Realism in the 1800's

By: Lydia R. and Bethany T.


Basically, realism in art and literature refers to the attempt to represent familiar and everyday people and situations in an accurate, unidealized manner. More specifically, the term "realism" refers to a literary and artistic movement of the late 1800's and early 1900's. This movement was a reaction against romanticism. Romanticism was an earlier movement that presented the world in much more idealized terms. The picture to the side is The End of the Working Day, 1886–87, by Jules Breton.


Background: Realism was mainly used in arts and literature, and became popular during the late 1800s. It was an attempt to portray people realistically by showing normal day to day activities and the hardship people had to endure.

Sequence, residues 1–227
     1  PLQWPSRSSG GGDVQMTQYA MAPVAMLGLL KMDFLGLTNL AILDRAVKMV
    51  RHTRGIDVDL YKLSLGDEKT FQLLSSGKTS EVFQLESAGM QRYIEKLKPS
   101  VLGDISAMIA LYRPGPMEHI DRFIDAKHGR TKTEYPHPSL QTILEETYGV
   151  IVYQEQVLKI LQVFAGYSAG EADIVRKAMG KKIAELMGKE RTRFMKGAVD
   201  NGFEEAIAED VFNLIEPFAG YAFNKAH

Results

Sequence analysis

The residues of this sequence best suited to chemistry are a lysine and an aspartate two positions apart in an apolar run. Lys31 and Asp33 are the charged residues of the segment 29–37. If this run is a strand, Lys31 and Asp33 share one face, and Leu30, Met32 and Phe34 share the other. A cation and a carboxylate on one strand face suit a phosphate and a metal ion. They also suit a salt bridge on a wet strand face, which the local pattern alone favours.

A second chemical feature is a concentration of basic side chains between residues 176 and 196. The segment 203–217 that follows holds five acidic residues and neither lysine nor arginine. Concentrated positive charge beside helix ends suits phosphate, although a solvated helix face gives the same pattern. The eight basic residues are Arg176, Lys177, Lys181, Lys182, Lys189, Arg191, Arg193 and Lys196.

Fun fact: Mark Twain is one of the most famous realist writers, and he used realism in his novel Adventures of Huckleberry Finn.

Legacy: The realism in art left a legacy because art around the world was influenced by it. Somewhat similar to the Hellenistic Era of art, they both showed fluid lines and real looking images, unlike the Egyptians who the higher the status the more unreal they look. Art not only around the world, but every since, have used the realism era in their artwork, and will continue to use the techniques.